The other instances you describe can be construed as neglect, yet another reason for losing their right to practice as a CNA.

    I think most of these people figure that we nurses are ultimately responsible--- which is true--- and therefore count on us doing what they refuse to do. I don't think they realize that THEY are also responsible for their own actions, and can have THEIR licenses revoked. I'm willing to bet that it would only take one being reported to the BON to straighten out the lot of them.
  8. by   KenCCRN
    Quote from chenoaspirit
    This morning while I was trying to calculate I/O's, admin meds, cover fingersticks, etc...the end of shift duties, I asked my assistant if she had emptied the NG and colostomy and f/c in room 6. She said "nope". I asked her if she would do it. She said "nope, I wont." So I asked her why not. She said that the assistant-trainee needs to do it (this assistant is training her). Now normally I do this stuff myself because it always turned into a confrontation when I asked them to do anything. Well, this assistant-trainee doesnt know how to do it, she says she has never been shown how to. At this point, it was just easier to do it myself. But the rude assistant wouldnt leave it alone. She yelled at me in front of the entrie nurses station about how these new people need to do their job or find another one, that I need to go and show her how to do it! Umm, excuse me? It isnt my job to train the assistants. Im doing my job and its hard enough. Then she follows me to the medcart to argue with me some more. She gets mad and walks off yelling at me. Ya know, when she is swamped or busy, I always helped her do her blood draws, empty trash. I tried to work as a team. But apparently thats what is EXPECTED of me now. When I need help, there is no help to be found. Another nurse is the one who has to help me clean a patient who is a complete when they have a bm in the bed. The assistants on our floor will not clean a patient, will not empty f/c's, will not do any I/O's, they want to skip out on the vitals by asking "which patients do you have to have vitals on." I never ask an assistant to help me, because I get yelled at! The answer is "I dont have time." One day I had a shot in one hand and a cup of pills in the other and was going to a patient's room when another patient called out needing to go to the bathroom. Who do you think had to go...ME. I had to put the meds back in the medcart and go assist this patient to the bsc because the assistant didnt have time (she was standing at the nurses station talking). Ive gone to my nurse manager several times, as have many other nurses. It doesnt do any good. We are short staffed, which allows this behavior to continue. Im ready to QUIT but if I dont figure out how to handle this now, it will happen again at my next job. I dont know how to be assertive. This assistant has worked on this floor for 17years, Ive only worked there for 2 1/2 years. She literally thinks her role is more important than anyone elses. How would you handle an aggressive assistant like her?
    Cheno:
    Wow!....thank god for self scheduling....hehe....no just kidding....working around her would be too easy. You definitely have problem if management doesn't support you. I would answer the call bell by intercom and if its not directly nurse related...I would say the the aide will be right with you....then I would tell the Aide that room 219 needs help and if she doesn't answer...I would help the patient make a formal complaint and state that the aide did not respond to the call bell. That is how you start....if managment doesn't answer the patient complaint about the aide....then you are really done. However, I would think that the patient carries more weight than us nurses. Seeing that those surveys are always floating around. Once you get the aide answering the call bells....that will free you up to do the other tasks that need getting done.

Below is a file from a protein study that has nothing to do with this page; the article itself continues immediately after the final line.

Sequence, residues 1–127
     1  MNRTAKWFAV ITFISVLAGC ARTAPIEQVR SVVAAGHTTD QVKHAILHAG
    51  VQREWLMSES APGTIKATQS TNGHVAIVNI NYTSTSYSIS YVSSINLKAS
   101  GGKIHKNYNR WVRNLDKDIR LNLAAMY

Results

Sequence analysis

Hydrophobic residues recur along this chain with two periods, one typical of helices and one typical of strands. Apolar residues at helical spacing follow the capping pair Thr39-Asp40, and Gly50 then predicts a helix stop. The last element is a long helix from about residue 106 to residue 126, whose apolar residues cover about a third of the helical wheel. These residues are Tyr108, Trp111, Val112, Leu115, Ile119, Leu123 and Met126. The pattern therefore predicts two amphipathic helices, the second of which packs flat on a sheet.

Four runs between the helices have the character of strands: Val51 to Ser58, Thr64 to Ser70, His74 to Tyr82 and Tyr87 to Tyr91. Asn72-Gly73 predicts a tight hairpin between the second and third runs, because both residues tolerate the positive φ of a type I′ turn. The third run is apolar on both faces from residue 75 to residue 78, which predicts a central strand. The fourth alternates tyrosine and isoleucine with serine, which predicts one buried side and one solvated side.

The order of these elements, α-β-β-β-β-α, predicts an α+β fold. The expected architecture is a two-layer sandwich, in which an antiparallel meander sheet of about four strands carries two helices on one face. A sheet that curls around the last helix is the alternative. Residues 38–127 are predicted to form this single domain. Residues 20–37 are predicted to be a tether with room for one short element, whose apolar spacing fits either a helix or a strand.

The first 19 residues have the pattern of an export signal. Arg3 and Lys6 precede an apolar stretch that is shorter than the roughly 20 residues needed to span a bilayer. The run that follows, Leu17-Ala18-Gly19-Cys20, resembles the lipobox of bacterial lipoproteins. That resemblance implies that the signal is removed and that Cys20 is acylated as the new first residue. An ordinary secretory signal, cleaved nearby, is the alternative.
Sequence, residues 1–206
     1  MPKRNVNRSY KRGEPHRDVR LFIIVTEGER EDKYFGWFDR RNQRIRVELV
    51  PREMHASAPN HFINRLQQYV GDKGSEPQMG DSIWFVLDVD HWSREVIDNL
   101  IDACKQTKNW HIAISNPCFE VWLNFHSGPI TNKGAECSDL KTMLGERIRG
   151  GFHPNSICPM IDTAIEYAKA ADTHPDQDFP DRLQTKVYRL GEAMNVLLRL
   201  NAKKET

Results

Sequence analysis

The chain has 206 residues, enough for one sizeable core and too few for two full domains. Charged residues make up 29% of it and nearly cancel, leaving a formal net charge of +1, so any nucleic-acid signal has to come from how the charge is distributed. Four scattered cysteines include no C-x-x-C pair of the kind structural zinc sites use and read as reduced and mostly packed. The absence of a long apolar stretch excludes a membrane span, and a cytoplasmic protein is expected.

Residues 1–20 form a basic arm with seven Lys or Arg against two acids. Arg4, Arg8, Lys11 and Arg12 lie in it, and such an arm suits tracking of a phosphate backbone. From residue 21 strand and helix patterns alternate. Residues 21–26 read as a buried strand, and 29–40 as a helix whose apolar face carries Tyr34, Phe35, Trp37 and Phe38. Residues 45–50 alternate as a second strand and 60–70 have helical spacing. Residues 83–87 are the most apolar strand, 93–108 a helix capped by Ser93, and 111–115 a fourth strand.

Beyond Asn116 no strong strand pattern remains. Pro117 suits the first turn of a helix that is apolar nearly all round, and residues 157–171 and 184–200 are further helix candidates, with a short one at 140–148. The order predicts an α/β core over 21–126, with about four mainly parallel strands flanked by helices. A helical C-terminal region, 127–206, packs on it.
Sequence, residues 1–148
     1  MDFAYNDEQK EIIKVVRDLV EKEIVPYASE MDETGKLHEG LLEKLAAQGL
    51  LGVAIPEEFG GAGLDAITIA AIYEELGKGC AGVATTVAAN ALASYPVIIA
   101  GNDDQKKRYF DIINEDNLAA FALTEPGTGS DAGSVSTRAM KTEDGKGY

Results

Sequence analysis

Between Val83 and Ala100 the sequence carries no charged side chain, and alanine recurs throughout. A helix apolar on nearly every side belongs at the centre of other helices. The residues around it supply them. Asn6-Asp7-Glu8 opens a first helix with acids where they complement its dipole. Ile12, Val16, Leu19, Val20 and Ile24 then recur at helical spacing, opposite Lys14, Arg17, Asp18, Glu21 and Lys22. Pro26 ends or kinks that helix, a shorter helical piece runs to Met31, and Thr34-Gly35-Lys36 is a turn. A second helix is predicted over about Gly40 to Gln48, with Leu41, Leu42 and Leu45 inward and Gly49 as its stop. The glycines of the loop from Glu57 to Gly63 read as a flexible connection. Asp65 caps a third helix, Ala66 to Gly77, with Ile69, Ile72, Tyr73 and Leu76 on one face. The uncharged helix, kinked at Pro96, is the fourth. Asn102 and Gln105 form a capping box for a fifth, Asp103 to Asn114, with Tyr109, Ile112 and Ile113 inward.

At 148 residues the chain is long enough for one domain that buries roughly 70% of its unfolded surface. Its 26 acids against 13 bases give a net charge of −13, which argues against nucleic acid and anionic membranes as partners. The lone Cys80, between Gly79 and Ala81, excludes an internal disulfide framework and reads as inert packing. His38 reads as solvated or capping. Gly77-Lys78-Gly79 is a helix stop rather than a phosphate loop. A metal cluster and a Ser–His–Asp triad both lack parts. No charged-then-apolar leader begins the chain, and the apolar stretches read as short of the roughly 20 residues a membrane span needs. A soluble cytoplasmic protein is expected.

Ken
  9. by   Hygiene Queen
    Wowweee!
    I have been a CNA since 1988. I'm proud of my job and it disgusts me to no end to that there are complete losers out there giving us a bad reputation!
    One thing these CNAs have to suck up and accept is that WE ARE PART OF A TEAM. We do what the nurse tells us to do. That is our job!! We don't tell the nurses what to do and we DO NOT refuse to complete our assigned tasks!
    I've heard boo hoo hoo that we don't get treated like professionals, well crikey! Why not try to act like one?
    If there is a GOOD reason that a task cannot be completed immediately, it is up to us to know how to professionally explain why that is and to prioritize our lined up tasks to acheive an acceptable result for all that needs to be done.
    If a nurse asks me for a BP, I might say, "Do you have time to let me check on Patient so-and-so real quick? She's been in the bathroom forever and I want to make sure she's okay!"
    The nurses are cool with something like that because: A) I acknowleged that the task could be time-sensitive, B) I was showing concern for patient safety, C) I was polite.
    No aide has the right to be rude or lazy. Yes! We work like dogs and get paid nil BUT BUT BUT! We knew darn well what we were letting ourselves in for. If these lazy aides (that mess up my dear noble job's reputatation) can't deal with taking direction, then they might as well line their sorry butt up for the unemployment line because you don't pull that crap ANYWHERE. I don't care if you work at Burger King and make 5 cents an hour! Unless you're Great God Almighty Himself, you WILL have to take direction and you will be expect to fullfill your duties!